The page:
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British distance running star Sir Mo Farah has split from controversial coach Alberto Salazar and announced he will return to London to work with Gary Lough, the husband and coach of women's marathon world record holder Paula Radcliffe.
The four-time Olympic champion, however, has denied that the move has anything to do with the United States Anti-Doping Agency (USADA) investigation into his former coach and the Nike Oregon Project (NOP) that he leads.
Sir Mo announced his departure from track racing after winning 10,000 metres gold medal and 5,000m silver at this year's International Association of Athletics Federations World Championships in London and will now focus on the marathon distance.
He plans to run next year's Virgin London Marathon on April 22.
"I’m not leaving the Nike Oregon Project and Alberto Salazar because of the doping allegations," the 34-year-old told The Sun.
"I’m leaving simply because my family and I are moving back to London.
"We want the kids to grow up in the UK.
"My decision to move back has nothing to do with UK Athletics, I've let them know of my change in coach but they don’t have a role in deciding who that is.
"I chose to work with Gary [Lough] over others because I’ve known him for a very long time - since I was 16 - and we get on well."
An interim USADA report, compiled in March last year and hacked by Russian group Fancy Bears before being released in its entirety by the US athletics site FloTrack.com, claimed that "it appears highly likely" that anti-doping rules on the infusion of legal supplements - in this case L-carnitine - were broken in the case of Galen Rupp, another Salazar charge and a training partner of Sir Mo.
The same charge is levelled at other past or present NOP athletes Dathan Ritzenhein, Tara Erdmann, Lindsay Allen, Alvina Begay and Dawn Grunnagle.
Salazar, a former world record holder for the marathon, has repeatedly asserted that his athletes "have nothing to hide and are hiding nothing".
Sir Mo has repeatedly insisted that he has "never broken the rules in regards to substances, methods or dosages" and that he will stand by Salazar until firm evidence appears.
"This situation has been going on for over two years," Sir Mo told The Sun today.
"If I was going to leave because of that I would have done.
"As I’ve always said, I’m a firm believer in clean sport and I strongly believe that anyone who breaks the rules should be punished.
"If I had ever had any reason to doubt Alberto, I would not have stood by him all this time."
Lough, a former British international 1500 m runner, married Radcliffe in 2001 and played a key role coaching the 2005 world champion to what remains the fastest ever women's time of 2 hours 15min 25sec in 2003.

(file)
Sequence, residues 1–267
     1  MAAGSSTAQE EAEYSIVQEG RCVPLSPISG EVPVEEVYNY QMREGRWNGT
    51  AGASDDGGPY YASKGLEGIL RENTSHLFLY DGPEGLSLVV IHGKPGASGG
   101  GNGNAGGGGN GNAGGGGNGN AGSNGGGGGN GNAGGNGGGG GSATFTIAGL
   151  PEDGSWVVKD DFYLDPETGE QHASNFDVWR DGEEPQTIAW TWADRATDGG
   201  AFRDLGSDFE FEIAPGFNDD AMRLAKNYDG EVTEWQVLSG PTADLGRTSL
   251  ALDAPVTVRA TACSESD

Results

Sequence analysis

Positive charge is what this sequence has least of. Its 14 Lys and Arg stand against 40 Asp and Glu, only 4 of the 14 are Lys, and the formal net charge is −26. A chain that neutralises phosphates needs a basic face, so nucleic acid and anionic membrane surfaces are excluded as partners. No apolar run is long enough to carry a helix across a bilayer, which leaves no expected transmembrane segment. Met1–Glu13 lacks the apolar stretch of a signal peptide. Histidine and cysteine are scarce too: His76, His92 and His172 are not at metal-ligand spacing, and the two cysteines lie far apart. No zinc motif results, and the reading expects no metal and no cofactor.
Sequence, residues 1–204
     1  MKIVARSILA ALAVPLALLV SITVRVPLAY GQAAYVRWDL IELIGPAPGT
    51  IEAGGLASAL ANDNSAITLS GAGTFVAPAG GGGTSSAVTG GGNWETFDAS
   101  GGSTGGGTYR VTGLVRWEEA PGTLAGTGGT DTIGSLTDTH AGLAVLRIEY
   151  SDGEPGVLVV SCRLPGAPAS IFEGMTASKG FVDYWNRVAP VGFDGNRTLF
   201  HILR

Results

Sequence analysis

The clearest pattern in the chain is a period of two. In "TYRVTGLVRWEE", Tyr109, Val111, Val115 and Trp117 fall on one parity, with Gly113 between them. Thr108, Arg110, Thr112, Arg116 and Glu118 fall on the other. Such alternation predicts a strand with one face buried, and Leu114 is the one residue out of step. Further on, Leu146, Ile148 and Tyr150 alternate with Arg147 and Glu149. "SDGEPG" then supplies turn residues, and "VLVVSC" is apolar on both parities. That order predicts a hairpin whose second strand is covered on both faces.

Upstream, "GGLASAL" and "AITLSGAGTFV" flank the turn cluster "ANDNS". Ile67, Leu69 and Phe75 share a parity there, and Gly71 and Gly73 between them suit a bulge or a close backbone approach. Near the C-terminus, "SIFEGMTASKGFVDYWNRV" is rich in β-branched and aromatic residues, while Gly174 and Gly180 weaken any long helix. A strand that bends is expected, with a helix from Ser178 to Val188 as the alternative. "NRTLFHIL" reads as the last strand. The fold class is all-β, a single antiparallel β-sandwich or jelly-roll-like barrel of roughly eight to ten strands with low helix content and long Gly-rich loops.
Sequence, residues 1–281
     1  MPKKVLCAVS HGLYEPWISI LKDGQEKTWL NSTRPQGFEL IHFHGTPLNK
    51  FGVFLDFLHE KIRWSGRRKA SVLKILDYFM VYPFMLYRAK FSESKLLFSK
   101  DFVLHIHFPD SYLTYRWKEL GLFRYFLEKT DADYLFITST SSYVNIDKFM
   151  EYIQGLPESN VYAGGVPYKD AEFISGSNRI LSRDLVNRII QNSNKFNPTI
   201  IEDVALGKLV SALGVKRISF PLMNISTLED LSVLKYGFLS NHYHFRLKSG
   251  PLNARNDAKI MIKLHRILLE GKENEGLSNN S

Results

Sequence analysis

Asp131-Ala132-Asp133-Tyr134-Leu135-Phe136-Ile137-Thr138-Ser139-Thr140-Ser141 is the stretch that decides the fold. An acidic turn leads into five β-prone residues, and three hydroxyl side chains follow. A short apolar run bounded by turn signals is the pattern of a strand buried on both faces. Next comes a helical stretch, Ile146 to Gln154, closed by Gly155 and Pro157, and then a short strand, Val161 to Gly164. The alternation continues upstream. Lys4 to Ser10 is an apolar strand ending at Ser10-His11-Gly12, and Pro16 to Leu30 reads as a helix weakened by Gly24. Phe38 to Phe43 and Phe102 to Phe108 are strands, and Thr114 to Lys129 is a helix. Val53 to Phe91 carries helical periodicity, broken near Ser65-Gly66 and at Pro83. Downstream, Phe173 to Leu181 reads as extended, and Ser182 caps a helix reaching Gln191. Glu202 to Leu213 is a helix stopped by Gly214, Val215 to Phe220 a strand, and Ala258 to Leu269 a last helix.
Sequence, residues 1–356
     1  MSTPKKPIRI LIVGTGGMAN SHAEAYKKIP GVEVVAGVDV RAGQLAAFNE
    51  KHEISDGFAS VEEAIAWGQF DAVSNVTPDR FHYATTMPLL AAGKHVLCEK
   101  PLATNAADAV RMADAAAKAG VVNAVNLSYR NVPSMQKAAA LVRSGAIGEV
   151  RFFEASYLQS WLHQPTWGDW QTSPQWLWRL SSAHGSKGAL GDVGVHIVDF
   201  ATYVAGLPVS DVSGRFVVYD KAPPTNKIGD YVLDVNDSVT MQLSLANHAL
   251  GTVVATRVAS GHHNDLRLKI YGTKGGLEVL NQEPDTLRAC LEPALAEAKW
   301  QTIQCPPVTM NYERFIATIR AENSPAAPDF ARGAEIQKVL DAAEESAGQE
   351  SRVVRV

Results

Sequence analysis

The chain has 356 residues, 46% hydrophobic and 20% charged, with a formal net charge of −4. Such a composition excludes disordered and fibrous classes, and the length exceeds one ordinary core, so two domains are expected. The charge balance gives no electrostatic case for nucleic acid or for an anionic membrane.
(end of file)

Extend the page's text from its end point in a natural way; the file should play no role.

He lives in Monte Carlo, though, so it is not clear how close a role he will play in Sir Mo's training.
Lough is expected to join him on an altitude training camp in Ethiopia early next year.
The 1928 Olympic Games in Amsterdam saw a number of important milestones, but one we still all benefit from today is revolutionising car parking. Like other cities around Europe in the late 1920s, the streets of Amsterdam were filling up fast with cars, and during the Games this issue was more pressing than ever, so organisers were forced to rack their brains in search of a solution. The allotted parking area next to the Olympic Stadium had room for a maximum of 2,000 vehicles, nowhere near enough to meet the demand during Games time. In response, the City Council provided a number of other sites that took parking capacity up to 3,500 vehicles and 2,000 bicycles. However, no sooner had one problem been solved than another was created: how were drivers and cyclists supposed to find their way to the new car parks? A solution was found in the shape of small blue panels with a white capital "P" in the middle. So it was that the international traffic sign for parking was born.
We are seeking a highly stress-resistant, confident and pro-active Stadium Operations Manager to help support the operational delivery of the FIFA World Cup 2022. The role involves working as an onsite extension of the Stadium Management team (based at FIFA’s headquarters in Zürich), in order to facilitate workflow and operations from within the host country. We are looking for a strong personality with the right skills, experience and personality to quickly integrate into a fast paced, challenging and exciting environment.
Sixty years later, David Owen recounts the tale of cricket's first-ever tied Test match - an encounter between Australia and a West Indies side whose importance stretched far beyond the Antipodean summer of 1960-1961.